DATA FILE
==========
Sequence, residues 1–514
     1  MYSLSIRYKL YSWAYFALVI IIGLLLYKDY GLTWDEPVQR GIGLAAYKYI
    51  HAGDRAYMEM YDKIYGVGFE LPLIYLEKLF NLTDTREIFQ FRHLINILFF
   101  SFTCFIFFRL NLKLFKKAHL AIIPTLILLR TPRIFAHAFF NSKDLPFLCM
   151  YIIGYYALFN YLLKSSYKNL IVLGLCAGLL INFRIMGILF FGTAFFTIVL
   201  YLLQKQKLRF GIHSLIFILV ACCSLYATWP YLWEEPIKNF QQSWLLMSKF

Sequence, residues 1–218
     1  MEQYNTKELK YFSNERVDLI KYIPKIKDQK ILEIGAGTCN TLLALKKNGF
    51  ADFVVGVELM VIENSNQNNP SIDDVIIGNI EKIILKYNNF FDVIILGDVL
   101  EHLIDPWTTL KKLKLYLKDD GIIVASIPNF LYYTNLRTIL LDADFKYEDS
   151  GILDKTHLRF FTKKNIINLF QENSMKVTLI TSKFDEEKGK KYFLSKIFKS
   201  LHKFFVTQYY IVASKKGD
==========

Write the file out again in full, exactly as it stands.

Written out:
Sequence, residues 1–514
     1  MYSLSIRYKL YSWAYFALVI IIGLLLYKDY GLTWDEPVQR GIGLAAYKYI
    51  HAGDRAYMEM YDKIYGVGFE LPLIYLEKLF NLTDTREIFQ FRHLINILFF
   101  SFTCFIFFRL NLKLFKKAHL AIIPTLILLR TPRIFAHAFF NSKDLPFLCM
   151  YIIGYYALFN YLLKSSYKNL IVLGLCAGLL INFRIMGILF FGTAFFTIVL
   201  YLLQKQKLRF GIHSLIFILV ACCSLYATWP YLWEEPIKNF QQSWLLMSKF

Sequence, residues 1–218
     1  MEQYNTKELK YFSNERVDLI KYIPKIKDQK ILEIGAGTCN TLLALKKNGF
    51  ADFVVGVELM VIENSNQNNP SIDDVIIGNI EKIILKYNNF FDVIILGDVL
   101  EHLIDPWTTL KKLKLYLKDD GIIVASIPNF LYYTNLRTIL LDADFKYEDS
   151  GILDKTHLRF FTKKNIINLF QENSMKVTLI TSKFDEEKGK KYFLSKIFKS
   201  LHKFFVTQYY IVASKKGD